Wout van Aert (Team Jumbo Visma) won stage 11 of the Tour de France, being the strongest from a 16-rider break to conquer the famous Mont Ventoux twice.
Stage 11 of the Tour de France was a tough test of 199km which also included two ascents of the famous Mont Ventoux, before descending to the finish in Malaucene. It was a fast start to the stage as nearly every team was hoping to get into the breakaway today.
After just over 50km of racing, finally the peloton allowed some riders to go up the road, and lead group of 16 riders had formed before the first of the two Ventoux climbs.
For Team Qhubeka NextHash it was always going to be a day of survival, a task which was unfortunately a step too far for Victor Campenaerts.
At the head of the race though, it was van Aert that proved to be a class above the rest. He was one of 7 remaining breakaway riders that reached the foot of the Ventoux for the final time, with a lead of 4’30” over the yellow jersey group.
As the climb began, the Belgian simply rode away from everyone else and maintained his lead over the yellow jersey chase group too. He soloed to the line to take a brilliant stage win.
Tadej Pogacar (UAE Team Emirates) once again held onto his overall race lead. Team Qhubeka NextHash’s remaining 6 riders all finished the stage within the time limit.
Today was a special day, it’s a special mountain anyway, and for me it’s the first mountain that I ever did on a bike, long before I was a bike rider, when I was 14 in 2006. I did it with my dad and today on Mont Ventoux at the Tour de France my dad was waiting there to shout for me.
I’ve been having a difficult Tour and have been very tired, and I got in difficulties early on in the stage and some riders around me were abandoning but I wanted to continue to at least do Ventoux once to ensure I saw my dad. It was a nice moment to see him there at the top and then it was quite clear that he time cut was not realistic so we had an opportunity to stop and spend a moment together.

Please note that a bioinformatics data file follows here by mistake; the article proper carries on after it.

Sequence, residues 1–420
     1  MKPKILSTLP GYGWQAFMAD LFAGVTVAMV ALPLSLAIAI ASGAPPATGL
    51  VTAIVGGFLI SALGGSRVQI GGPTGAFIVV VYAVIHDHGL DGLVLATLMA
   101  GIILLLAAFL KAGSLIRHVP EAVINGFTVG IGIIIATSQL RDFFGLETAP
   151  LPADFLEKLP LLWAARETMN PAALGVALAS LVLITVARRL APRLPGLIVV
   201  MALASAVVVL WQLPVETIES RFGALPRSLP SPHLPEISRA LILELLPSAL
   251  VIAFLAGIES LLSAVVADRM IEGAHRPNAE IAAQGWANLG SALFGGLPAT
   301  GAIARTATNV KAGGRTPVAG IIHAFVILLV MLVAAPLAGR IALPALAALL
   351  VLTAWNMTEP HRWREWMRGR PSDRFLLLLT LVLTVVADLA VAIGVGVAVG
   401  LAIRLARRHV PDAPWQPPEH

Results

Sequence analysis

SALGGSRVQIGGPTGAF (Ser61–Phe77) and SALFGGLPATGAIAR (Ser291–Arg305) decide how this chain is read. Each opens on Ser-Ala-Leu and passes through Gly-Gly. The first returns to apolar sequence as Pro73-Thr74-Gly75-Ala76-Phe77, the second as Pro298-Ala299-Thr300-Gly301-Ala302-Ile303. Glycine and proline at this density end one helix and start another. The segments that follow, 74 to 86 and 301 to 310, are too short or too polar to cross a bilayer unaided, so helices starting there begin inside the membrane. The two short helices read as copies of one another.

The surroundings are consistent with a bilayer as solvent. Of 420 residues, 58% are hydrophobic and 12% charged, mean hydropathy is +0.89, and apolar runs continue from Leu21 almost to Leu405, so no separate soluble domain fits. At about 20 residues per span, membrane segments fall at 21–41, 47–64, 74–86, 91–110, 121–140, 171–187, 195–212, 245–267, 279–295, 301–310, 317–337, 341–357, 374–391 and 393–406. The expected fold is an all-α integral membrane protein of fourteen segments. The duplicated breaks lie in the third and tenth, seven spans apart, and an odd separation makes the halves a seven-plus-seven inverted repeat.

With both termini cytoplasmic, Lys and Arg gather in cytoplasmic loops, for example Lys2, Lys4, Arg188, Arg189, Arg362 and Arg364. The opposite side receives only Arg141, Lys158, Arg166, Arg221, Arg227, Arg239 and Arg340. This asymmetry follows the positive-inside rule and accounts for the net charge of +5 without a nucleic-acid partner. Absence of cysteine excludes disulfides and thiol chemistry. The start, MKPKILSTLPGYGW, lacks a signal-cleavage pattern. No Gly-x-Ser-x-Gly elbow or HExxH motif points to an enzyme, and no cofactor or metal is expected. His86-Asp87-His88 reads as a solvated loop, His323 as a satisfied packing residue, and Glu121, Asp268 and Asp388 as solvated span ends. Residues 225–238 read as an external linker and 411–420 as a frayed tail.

I started out this year at the Classics and then the Giro, followed by the Tour de France and racing in a very different way. I used to focus on the time trials which has it’s own peculiarities but this year I really tried to change the way of riding and not focusing on time trials anymore.
We race in the team in the spirit of Ubuntu – I am because we are – as one team. We’ve had some nice results, particularly highlighted at the Giro with three victories in five days and we tried to see where my limits are and that’s why we’ve had such a busy racing schedule. I always give it my all in every race that I start but I’ve suffered during this Tour and today I was just not able to stay in touch and so my race ends.
I want to wish all of my teammates the very best for the rest of the race and I’ll be behind them with every pedal stroke until Paris.